Saturday, January 31, 2009

Review - Stormy Weather

CRITIC'S PICK
Stormy Weather
book by Sharleen Cooper Cohen
choreography by Randy Skinner
directed by Michael Bush

Pasadena Playhouse
extended through March 8




Based on a biography of Lena Horne called Lena Horne, Entertainer, Sharleen Cooper Cohen's Stormy Weather is a challenging stage production, which incorporates Horne's original musical hits and a myriad of complex issues: struggles with her up and down career and sufferings from a pained personal life. Michael Best's staging is very good, placing the orchestra behind an array of mirrors that put Horne and her life on display. His use of a staircase leading into the orchestra pit for some of the actors' entrances and exits gives credence to Horne's scattered memories that seem to flash in from every direction.
The only argument I have with the book is that we need some kind of theatrical device to set the scene. Yes, Horne is about to have a nervous breakdown and needs to search her past for answers that may lead to an eventual catharsis, but is she doing it for the sake of a film or memoir, or is she just doing it? Ray Charles Live used an after-life recording session as its premise; I don't believe we have one for Stormy Weather.
That aside, the show is a winner in the super capable hands of its stars Leslie Uggams (the older Horne) and Nikki Crawford (Horne in the early days). Uggams has the role of a lifetime and relishes every second onstage. Even when she is simply looking on at the proceedings, her involvement is scintillating. She has vocally never sounded better and uses her acting chops most effectively to lend urgency and guts to The Lady's pain. Crawford sings equally well and is perhaps even more beautiful than Horne herself. Both deserve many plaudits for their fine work.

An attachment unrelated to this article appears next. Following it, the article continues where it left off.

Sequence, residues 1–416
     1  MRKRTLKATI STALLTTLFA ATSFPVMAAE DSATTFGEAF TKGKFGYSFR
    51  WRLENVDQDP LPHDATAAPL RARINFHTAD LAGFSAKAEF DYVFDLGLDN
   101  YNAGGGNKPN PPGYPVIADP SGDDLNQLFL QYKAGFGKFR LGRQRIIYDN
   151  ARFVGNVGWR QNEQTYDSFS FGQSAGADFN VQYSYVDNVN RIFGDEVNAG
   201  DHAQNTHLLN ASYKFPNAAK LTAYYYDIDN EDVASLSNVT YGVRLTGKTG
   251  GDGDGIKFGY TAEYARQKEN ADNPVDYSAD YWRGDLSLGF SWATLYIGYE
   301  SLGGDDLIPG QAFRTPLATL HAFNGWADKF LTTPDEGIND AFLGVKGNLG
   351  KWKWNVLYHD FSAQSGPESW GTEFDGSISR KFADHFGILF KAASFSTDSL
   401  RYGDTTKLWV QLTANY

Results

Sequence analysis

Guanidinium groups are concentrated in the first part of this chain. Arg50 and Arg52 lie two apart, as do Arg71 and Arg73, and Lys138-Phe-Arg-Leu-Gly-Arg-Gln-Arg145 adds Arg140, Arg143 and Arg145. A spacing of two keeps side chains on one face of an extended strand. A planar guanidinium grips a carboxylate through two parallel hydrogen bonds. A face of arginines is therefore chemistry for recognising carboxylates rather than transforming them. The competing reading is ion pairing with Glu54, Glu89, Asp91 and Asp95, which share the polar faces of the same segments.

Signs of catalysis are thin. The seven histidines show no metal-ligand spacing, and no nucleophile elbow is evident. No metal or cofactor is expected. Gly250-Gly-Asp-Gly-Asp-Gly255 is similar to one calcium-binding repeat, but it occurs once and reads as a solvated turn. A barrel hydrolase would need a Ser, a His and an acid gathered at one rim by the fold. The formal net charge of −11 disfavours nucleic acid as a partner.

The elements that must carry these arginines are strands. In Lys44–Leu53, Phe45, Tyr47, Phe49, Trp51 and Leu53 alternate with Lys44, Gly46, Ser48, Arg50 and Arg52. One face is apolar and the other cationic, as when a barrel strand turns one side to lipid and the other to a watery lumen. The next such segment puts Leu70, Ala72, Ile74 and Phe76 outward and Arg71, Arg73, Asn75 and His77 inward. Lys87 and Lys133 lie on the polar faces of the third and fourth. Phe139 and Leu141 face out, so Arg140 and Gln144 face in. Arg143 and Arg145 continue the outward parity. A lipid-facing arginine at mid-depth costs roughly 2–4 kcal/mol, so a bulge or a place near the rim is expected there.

The supporting parade of actors are all marvelous: Cleavant Derricks as Horne's father, Robert Torti as music arranger and Horne's second, devoted husband Lennie Hayton, Kevyn Morrow wonderful as the lonely Billy Strayhorn, and Dee Hoty exceptional as Kay Thompson, vocal coach and authoress, who befriends Horne at MGM. Her gal pal Eve Arden type lends terrific support and comic relief. This is the kind of role that wins Best Featured Actress Tonys, and Hoty makes Thompson boisterous and opinionated, yet unstoppably humorous and likeable. The rest of the great ensemble deserve the highest admiration as well, including Yvette Cason as Edna Horne, Bruce Katzman as LB Mayer - and Jordan Barbour and Philip Attmore - unbelievable dancing duo!
Musical highlights include "Love", "Stardust", "Lush Life", "From This Moment On", "How Deep Is the Ocean", "Come Rain or Come Shine", "The Lady Is a Tramp", "Push De Button", and two gems for Miss Uggams: "Honeysuckle Rose" and "Yesterday, When I Was Young". Her undeniable no-holds-barred attitude with the first and sweet, low-key melancholy with the second are knockouts! Of course, the finale and title of the show "Stormy Weather" is
icing on the cake.
Musical artist, champion Civil Rights advocate, or just plain lady, Horne deserves the highest recognition and and no one could do it with more class than Leslie Uggams. This is a show to cherish.
5 out of 5 stars

ps I did not know that Max Factor created Light Egyptian for Miss Lena Horne. It certainly seems unforgiveable that LB Mayer stabbed Horne in the back by giving Ava Gardner the role of Miss Julie in Showboat and then to top it all lent Gardner Horne's makeup!

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